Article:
I was in class 8 or 7. I don’t remember clearly, but I was almost done with my primary school. I had stayed in this school since class 3. And along the way, the director built a secondary school next to us. So we now had same management for most things. Till this one time, when a manager was hired. And none of us could understand what was his role. Like he wasn’t exactly a teacher or staff like the matron, so what exactly was his role? And he even came with his wife.

So sometimes he would pop up in class encouraging us while other times his wife would call us upper primary class kids and talk about sex. Saying how it was so damn good that she had it everyday, and as a result we should wait till we are adults to have it. Like I think she had mixed up her thoughts and intentions. Because if there is anything her talks made us want to do, was to actually now experiment with this sweet activity she keeps on praising.

Anyway, we just thought they were both trying to keep themselves relevant to us. And for most parts, we all had a cordial relationship with them since we didn’t feel their impact on our lives anyway.

Till this specific national holiday. Our school had this habit of refusing to acknowledge public holidays in Kenya. We would have either classes as usual, or they would give us a free prep. Or compulsory preps minus teachers. So with time we complained about it. That there is no way we can be the exception in our country. That everyone else is getting an off day except us.

So this specific holiday, the school agreed to let us be. Do nothing the whole day. We were happy. That was all we expected.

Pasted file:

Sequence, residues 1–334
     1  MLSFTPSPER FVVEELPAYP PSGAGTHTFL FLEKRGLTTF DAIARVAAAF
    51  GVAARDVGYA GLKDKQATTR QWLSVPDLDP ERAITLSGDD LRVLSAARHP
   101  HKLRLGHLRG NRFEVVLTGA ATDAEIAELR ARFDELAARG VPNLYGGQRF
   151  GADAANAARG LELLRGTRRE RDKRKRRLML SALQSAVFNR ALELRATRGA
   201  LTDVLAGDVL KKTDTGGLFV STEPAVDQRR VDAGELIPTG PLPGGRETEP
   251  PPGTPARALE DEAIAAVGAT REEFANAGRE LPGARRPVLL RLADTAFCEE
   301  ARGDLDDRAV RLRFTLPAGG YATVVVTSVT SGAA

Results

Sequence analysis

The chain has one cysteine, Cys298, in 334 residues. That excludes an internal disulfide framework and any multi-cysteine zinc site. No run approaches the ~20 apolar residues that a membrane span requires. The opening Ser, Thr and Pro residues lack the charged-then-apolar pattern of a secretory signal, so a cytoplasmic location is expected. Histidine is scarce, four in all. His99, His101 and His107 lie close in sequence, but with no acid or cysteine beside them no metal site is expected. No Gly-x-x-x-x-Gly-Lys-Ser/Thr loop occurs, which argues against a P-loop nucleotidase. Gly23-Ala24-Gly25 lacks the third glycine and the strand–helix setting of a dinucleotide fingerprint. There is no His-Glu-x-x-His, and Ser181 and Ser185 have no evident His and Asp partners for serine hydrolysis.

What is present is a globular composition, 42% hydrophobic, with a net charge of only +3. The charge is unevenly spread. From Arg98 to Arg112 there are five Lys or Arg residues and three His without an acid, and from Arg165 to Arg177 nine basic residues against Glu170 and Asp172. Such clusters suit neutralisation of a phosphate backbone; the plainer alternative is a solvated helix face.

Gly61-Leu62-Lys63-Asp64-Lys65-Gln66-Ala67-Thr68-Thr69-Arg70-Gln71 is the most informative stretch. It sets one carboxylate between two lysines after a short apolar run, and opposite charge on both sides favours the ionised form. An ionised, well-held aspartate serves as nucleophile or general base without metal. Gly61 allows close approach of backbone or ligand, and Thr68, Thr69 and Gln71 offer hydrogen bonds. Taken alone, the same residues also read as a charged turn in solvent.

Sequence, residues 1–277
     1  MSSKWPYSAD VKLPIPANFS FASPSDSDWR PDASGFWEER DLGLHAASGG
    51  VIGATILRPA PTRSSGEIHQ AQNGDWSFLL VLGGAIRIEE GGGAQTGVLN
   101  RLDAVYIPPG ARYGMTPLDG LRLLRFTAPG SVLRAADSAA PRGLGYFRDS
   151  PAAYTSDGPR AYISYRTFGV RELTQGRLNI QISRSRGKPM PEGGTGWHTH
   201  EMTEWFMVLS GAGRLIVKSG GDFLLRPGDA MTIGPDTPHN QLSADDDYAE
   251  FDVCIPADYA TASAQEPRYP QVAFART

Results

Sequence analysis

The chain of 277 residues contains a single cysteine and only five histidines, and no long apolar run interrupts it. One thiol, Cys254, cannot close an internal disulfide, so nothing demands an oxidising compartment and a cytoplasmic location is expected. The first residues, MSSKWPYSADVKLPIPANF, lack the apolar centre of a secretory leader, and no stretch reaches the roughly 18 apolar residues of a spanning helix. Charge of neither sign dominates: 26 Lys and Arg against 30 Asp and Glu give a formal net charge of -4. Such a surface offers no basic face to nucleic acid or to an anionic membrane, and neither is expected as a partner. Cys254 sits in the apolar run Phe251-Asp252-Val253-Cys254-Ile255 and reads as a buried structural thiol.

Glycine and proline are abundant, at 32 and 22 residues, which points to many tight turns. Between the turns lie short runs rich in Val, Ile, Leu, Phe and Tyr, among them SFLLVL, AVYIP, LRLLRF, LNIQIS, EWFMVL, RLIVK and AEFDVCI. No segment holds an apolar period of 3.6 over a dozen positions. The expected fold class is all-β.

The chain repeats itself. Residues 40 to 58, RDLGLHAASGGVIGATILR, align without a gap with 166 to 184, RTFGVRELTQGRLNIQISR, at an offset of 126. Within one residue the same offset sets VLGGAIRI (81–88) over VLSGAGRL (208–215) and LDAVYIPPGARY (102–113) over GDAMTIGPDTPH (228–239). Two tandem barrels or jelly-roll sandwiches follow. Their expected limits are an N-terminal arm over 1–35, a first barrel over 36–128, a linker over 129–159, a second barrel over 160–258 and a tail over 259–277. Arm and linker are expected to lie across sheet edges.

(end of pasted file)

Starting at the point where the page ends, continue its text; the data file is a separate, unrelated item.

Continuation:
Till the night before, when this manager decided to walk around in classes telling us about this surprise they had for us for the next day.

That instead of our usual githeri for lunch and supper, for the first time in the history of that school, we would eat chapos. Of course, none of us believed him at first. We had been around long enough to know that this school was good just not that generous with free offers.

And each disbelieving face he encountered, made him add some vigour to the description of the chapos we would eat the next day. By the time he reached our class, we already knew the whole tale since he had been thoroughly shouting in all classes behind us.

But that didn’t deter him. He started the description afresh . But I think since most of us had been around for years, and had never seen such a thing even implied, we just looked at him tell his crazy tales to us.

That tomorrow would be a day like no other. We would not only eat Chapos to our fill, but there would also be meat. And not the one piece of meat we eat once in a week. No. A good amount of meat. And green grams. That would be our lunch the next day.

Dude spent 30 minutes explaining only that. To quell our disbelief, he even drew that meal elaborately on the blackboard. Like we were all believers by the time he bid us goodnight. All sold. I mean, why would an adult come to our class and spend 30 minutes telling us lies?

To give you context, we used to eat githeri every lunch and supper except Wednesdays when the supper was Ugali, and Saturday and Sunday when one meal was substituted for rice and beans/kamande. So you can imagine, in a setting where not even a single meal of githeri had ever been replaced with rice, we were now to have chapos?

Anyway, we were now on board this chapo train. Our prep became animated as people talked of chapos helped by the visual representation on the black board. We all talked of nothing else as we went to sleep. Yaani all of us couldn’t wait for the next day. When we would harvest manna that we neither asked for nor ever imagined.